In addition to a well-rounded diet of gut-loaded insects, fruits, vegetables, and leafy greens, you should be providing your bearded dragon with clean freshwater every day.
You may even need to clean the water dish and add fresh water multiple times a day.
This is because bearded dragons often defecate when they soak in water.
If the water is not frequently changed, bacteria and fungus will grow and cause health issues in your beardie.
Dehydration may also lead to a loss of appetite or constipation, so it is vital to ensure your bearded dragon stays adequately hydrated to avoid these issues.
The Temperature and Humidity Inside of the Enclosure
The proper humidity level inside of your bearded dragon’s enclosure should range between 20%-40%.
Improper humidity will not only affect your beardie’s appetite, but it may cause problems with fungus overgrowth and shedding.
Invest in a good hygrometer to keep track of the humidity changes inside of the enclosure.
The ambient temperature of your bearded dragon’s enclosure should be between 75-85° degrees Fahrenheit (29° C), with a basking area on one end reaching temperatures in the range of 90-100° degrees Fahrenheit (44° C).
Since bearded dragons cannot regulate their body temperature on their own, it is vital to provide a basking spot to warm themselves.
A proper hide should also be provided to give your beardie a place to cool off.
Proper temperature is vital for a bearded dragon’s digestive system to work correctly.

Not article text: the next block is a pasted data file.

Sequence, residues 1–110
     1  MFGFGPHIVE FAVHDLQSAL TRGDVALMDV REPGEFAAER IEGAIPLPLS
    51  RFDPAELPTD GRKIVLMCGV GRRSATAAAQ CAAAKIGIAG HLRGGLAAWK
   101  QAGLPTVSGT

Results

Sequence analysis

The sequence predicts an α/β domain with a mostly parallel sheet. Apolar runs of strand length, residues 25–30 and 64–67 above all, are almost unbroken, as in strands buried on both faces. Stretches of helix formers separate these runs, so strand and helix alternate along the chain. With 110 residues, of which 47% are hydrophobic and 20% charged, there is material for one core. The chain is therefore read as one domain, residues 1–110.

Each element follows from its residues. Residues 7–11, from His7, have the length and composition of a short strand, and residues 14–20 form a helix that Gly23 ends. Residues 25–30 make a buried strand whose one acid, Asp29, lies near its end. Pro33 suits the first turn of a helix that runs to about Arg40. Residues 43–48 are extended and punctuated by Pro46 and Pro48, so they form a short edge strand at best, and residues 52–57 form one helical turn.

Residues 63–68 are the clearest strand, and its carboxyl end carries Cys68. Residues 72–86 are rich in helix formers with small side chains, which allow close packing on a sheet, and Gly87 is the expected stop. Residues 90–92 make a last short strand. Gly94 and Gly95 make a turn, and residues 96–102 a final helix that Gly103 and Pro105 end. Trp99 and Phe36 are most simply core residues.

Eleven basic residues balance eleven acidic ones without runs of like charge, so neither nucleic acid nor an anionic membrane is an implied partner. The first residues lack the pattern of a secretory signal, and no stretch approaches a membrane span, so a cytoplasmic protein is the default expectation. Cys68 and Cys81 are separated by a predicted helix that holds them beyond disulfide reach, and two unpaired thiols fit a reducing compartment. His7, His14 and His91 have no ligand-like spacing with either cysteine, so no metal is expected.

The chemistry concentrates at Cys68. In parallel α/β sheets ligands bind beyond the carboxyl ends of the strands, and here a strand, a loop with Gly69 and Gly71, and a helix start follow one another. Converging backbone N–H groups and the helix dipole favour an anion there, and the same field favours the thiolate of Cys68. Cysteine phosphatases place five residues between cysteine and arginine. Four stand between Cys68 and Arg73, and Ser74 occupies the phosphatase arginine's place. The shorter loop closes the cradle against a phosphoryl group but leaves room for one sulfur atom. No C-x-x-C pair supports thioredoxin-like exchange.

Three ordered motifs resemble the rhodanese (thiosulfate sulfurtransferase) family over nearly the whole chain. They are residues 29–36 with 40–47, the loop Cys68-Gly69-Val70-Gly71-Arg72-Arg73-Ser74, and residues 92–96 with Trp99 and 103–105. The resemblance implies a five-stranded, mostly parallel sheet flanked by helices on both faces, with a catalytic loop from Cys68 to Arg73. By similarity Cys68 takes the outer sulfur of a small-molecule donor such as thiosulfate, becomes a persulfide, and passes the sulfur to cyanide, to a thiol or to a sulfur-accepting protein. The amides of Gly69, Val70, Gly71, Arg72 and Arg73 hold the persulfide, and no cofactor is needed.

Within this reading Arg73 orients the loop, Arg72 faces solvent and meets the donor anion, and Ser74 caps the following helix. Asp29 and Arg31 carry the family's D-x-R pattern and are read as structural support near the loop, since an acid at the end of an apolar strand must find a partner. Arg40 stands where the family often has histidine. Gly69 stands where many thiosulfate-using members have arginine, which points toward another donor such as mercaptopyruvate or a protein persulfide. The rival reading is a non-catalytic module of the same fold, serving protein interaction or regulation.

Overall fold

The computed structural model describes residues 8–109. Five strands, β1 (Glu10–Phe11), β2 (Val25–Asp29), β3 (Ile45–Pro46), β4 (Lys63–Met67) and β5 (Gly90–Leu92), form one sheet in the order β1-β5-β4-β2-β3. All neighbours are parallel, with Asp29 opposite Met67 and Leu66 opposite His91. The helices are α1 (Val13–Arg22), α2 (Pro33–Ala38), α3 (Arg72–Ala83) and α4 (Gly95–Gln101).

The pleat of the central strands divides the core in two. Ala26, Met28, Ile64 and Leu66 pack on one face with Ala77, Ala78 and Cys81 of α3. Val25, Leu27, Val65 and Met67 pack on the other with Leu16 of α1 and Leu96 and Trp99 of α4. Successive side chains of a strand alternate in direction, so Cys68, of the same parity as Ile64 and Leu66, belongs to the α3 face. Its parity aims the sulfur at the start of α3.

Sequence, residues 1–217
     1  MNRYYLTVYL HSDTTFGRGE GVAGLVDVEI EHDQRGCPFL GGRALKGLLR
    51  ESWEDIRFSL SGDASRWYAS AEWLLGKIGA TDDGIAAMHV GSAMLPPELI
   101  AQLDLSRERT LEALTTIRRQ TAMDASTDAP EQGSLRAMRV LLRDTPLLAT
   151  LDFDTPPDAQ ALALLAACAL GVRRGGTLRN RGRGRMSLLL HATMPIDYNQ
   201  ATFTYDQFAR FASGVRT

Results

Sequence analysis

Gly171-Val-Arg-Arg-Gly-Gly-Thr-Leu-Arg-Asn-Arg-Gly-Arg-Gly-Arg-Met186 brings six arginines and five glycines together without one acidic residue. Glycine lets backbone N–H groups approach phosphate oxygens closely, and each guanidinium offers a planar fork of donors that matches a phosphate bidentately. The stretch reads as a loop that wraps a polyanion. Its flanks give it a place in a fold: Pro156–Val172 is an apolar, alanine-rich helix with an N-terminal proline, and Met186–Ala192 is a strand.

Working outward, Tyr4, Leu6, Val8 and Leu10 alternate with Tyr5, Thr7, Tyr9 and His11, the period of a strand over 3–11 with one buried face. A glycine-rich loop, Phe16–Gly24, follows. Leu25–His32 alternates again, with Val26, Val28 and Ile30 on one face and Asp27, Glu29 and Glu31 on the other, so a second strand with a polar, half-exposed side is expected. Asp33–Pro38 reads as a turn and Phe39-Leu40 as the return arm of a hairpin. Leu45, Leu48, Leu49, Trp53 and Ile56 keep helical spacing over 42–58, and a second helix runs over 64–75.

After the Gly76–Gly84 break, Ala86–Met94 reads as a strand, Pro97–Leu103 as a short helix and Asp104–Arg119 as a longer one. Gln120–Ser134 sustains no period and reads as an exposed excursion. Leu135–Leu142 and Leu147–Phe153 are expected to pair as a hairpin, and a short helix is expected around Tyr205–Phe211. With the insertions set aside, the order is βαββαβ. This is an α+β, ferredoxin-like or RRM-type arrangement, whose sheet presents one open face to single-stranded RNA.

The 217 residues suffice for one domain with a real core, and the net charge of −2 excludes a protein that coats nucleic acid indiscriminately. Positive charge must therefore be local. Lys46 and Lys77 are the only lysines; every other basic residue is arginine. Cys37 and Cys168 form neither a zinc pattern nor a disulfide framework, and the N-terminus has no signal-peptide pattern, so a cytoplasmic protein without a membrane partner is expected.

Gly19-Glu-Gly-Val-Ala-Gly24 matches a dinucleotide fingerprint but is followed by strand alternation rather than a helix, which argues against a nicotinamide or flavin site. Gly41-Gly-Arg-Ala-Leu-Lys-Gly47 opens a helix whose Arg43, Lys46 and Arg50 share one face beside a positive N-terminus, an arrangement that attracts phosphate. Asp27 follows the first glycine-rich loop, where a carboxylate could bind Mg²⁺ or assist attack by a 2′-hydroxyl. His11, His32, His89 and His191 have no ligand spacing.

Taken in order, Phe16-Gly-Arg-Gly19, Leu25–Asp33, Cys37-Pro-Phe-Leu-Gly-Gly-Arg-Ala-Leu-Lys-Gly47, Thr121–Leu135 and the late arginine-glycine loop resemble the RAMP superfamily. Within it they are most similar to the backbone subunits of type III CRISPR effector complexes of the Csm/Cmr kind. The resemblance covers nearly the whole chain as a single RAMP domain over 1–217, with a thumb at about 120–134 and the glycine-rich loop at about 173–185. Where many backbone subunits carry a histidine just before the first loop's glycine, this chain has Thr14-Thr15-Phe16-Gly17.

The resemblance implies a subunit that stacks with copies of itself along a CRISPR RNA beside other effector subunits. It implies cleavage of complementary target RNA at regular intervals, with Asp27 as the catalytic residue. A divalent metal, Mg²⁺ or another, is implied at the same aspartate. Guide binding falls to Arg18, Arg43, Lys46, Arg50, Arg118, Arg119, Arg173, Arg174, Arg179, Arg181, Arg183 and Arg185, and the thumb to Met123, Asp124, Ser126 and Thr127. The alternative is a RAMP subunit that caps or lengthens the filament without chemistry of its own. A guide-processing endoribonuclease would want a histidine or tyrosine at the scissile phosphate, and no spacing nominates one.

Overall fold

If temperatures are allowed to drop too low, a beardie’s digestive system will slow down and stop functioning as it should.
The reptile may even go into brumation if the low temperature is allowed to persist.
Brumation is similar to hibernation in mammals, except bearded dragons still need to drink water every day to stay alive, even though they do not need food.
A good thermometer will allow you to check the temperatures inside of the enclosure.
Regularly monitoring the temperature is vital to making sure your beardie’s digestive system stays functioning correctly.
One of the most common items affecting a bearded dragon’s digestion is the choice of the substrate in its enclosure.
A loose substrate, such as sand, is easy to be accidentally ingested during feeding time.
Over time, these tiny foreign particles will build up in the bearded dragon’s digestive system and form a blockage known as impaction.
Impaction keeps the bearded dragon from defecating, and it will become severe if left untreated, even leading to death.
Choosing a smooth substrate such as reptile carpet or tile will prevent this type of impaction from happening.
If you notice your bearded dragon is refusing to eat or if you have observed it straining to defecate, you should seek veterinary care as soon as possible from proper diagnosis and treatment.
For a bearded dragon to be healthy, you need to provide it with a proper diet of insects, fruits, vegetables, leafy greens, and supplements.
While feeding a bearded dragon may seem confusing at first, it becomes much easier over time.
Knowing which foods to feed your beardie and which ones to avoid will go a long way in maintaining your beardie’s health and quality of life.